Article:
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June 09, 2012 - 5 Reasons Stocks Will Make New Highs IF - By Zacks Investment Research
By: Steve Reitmeister
Right now there is only 1 catalyst for US stocks: the European Debt Crisis.
Day after day our markets follow suit with theirs. That's because a disorderly exit for Greece or heightened problems in Spain or Italy would spread panic throughout the continent. This would most definitely send recessionary shockwaves around the world...including the good ol' US of A.
But There Is Hope.
There are solutions for the European problems. Some of which can be borrowed from the blueprints we used to emerge from the Great Recession. This has led to our three year recovery including a stock market that has doubled since March 2009.
If their politicians follow through on this, plus some form of banking union and/or fiscal union, then we can take the "Lehman-type" implosion off the table. As this happens, the risk premium levied on the US markets will be lifted. This will allow investors to once again see the attractiveness of the US stock market.
Here are 5 reasons why European debt containment would lead to US stocks making new highs:
1) GDP is A-OK
Forget the horrible headlines about a soft jobs market. That is just the media playing on people's fears. The rate of jobs growth has been fairly stable the last two years and this is the 3rd time we have been at the low end of the jobs growth #s just before we bounced. Most likely it will spike back up to 120-150K jobs added per month, which is the recent norm.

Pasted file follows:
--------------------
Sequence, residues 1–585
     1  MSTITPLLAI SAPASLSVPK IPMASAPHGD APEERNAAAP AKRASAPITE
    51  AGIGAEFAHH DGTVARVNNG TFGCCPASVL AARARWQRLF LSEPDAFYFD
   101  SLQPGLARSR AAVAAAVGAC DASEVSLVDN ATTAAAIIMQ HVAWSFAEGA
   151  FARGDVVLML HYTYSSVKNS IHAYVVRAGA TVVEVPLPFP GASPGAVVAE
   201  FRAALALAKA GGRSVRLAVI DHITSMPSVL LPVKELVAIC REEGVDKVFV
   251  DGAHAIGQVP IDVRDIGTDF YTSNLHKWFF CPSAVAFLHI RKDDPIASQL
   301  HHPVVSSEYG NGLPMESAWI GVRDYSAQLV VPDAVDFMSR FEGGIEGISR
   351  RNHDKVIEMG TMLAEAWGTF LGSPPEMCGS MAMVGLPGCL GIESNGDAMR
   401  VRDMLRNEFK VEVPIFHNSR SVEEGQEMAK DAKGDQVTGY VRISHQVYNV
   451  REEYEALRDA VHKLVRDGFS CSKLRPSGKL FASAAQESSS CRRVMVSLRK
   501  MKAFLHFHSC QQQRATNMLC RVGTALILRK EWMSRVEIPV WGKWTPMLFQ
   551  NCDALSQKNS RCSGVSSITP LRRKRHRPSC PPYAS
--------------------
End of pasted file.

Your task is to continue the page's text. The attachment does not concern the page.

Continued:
When you look across all of the economic data, it still points to an economy expanding at 1-2% per year. Yes, that is under the long term historical trend of +2.7%. But it most certainly is not a recession. This is the same Muddle Through growth pace we have seen the last couple of years, which was good enough to lower the unemployment rate and generate record corporate earnings. More on that next.
2) Record Corporate Earnings
Too often conversations about the economy cloud people from what truly drives stock prices. That is corporate earnings. More specifically it is the growth of corporate earnings into the future that determines what investors are willing to pay for stocks now.
The current earnings estimates for the S&P stand at $104 per share. That is a record level, which is set to go higher with a 2013 estimate of $117. And yet stocks are well off their record levels, which takes us to our next point...
3) Stocks Are Cheap
Given that analysts see no recession on the horizon, they are still comfortable with their record earnings predictions for this year and next. Yet the S&P is only trading at PE of 12.8 current year estimates.
As we get towards the end of the year, more investors will be focused on 2013 estimates. By that scale the S&P is only trading at a paltry PE of 11.4, which is VERY attractive compared to the historical PE norms of 14-15. This paves the way for the next reason...
4) Stocks Best Investment Alternative
Most of the tricks up the Fed's sleeve to bolster the economy have been aimed at lowering bond rates. In fact, since 2008 they have been cut by over 60% with the 10 year note now yielding a historically low 1.7%.